When discussing the global economy, one of the many data points that gets eyebrow-raising notice from economists and investors alike is a country’s factory output. Whether it be a developed or emerging economy, this is a key indicator of core growth. When the biggest economies in the world are all experiencing a similar uptick in their manufacturing Purchasing Managers Index (PMI) reports, it’s a big deal.
The Purchasing Managers’ Index is an indicator of the economic health of the manufacturing sector. The PMI is based on five major indicators: new orders, inventory levels, production, supplier deliveries and the employment environment. The information to produce the PMI is gathered using monthly surveys sent to purchasing executives at approximately 300 companies. A PMI of more than 50 represents expansion of the manufacturing sector when compared to the previous month. A PMI reading under 50 represents a contraction, and a reading at 50 indicates no change.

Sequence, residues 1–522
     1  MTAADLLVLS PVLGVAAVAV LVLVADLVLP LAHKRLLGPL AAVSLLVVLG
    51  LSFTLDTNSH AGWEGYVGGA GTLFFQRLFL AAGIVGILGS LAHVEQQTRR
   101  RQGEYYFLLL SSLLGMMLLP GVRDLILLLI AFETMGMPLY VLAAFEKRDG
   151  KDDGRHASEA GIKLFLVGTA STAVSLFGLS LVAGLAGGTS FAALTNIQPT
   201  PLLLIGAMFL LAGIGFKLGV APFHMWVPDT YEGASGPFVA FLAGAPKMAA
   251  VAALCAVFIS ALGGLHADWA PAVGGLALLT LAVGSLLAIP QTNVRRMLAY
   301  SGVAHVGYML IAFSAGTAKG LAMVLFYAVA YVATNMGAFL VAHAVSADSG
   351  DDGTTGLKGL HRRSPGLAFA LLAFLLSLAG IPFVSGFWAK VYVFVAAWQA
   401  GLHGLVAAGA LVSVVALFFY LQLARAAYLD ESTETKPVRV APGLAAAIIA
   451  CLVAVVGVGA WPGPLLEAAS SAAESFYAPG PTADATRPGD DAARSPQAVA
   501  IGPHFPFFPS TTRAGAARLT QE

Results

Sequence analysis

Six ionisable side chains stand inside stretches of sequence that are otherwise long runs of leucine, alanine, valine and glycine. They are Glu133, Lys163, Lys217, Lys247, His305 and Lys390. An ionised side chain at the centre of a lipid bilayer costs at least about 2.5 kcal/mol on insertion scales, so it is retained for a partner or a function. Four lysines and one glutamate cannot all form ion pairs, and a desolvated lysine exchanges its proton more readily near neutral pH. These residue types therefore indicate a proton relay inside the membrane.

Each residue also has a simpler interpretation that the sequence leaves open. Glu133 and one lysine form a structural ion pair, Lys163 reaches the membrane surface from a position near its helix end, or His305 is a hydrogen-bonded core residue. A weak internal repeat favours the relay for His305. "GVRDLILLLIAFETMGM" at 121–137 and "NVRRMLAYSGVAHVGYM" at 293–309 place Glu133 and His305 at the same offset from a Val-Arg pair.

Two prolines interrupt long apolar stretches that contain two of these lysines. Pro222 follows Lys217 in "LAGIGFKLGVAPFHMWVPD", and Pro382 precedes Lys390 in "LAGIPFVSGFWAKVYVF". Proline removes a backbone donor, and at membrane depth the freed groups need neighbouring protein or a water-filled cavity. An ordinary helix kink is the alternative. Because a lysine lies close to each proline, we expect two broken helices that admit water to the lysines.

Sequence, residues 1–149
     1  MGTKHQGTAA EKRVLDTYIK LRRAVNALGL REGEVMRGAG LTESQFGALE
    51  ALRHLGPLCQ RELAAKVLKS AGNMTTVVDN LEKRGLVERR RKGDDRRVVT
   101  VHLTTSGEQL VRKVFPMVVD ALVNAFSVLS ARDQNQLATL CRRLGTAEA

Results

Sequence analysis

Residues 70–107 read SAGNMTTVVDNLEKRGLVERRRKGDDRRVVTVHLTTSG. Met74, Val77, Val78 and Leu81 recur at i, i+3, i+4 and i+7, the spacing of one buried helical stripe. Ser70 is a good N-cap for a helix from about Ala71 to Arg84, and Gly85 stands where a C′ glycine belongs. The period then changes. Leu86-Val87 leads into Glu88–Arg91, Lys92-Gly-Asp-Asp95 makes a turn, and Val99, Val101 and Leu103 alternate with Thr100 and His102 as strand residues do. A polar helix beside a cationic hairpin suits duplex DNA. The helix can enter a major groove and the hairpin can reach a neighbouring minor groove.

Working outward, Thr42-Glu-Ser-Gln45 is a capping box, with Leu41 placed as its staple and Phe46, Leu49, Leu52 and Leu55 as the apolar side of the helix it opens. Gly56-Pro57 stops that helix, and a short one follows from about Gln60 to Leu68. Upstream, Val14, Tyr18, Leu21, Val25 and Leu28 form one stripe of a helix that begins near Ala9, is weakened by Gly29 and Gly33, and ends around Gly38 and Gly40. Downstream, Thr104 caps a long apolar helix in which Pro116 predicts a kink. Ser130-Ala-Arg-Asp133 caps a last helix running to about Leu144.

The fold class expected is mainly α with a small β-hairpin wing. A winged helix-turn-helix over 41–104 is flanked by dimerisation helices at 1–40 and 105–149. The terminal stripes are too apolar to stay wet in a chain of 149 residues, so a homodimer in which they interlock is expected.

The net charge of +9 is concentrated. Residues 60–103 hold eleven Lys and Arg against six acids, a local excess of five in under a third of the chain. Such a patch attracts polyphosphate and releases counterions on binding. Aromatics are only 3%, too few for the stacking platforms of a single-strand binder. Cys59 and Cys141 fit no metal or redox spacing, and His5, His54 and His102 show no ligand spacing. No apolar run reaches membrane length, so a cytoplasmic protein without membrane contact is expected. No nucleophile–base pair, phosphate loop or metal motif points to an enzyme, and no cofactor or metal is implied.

Few would argue with the idea that the United States is currently leading the global economy out of recession, based on the fact that the Fed is the first central bank to tighten interest rates among the largest global economies. The Fed’s decisions are supported by steady improvement in many economic readings, not least of which are the monthly PMI reports. The Flash Markit Manufacturing PMI in the United States increased to 55.1 in January of 2017 from 54.3 in the previous month, beating market expectations of 54.5. That marks the highest reading since March of 2015, as higher work numbers boosted both output and purchasing activity.
Source: Trading Economics — January 24, 2017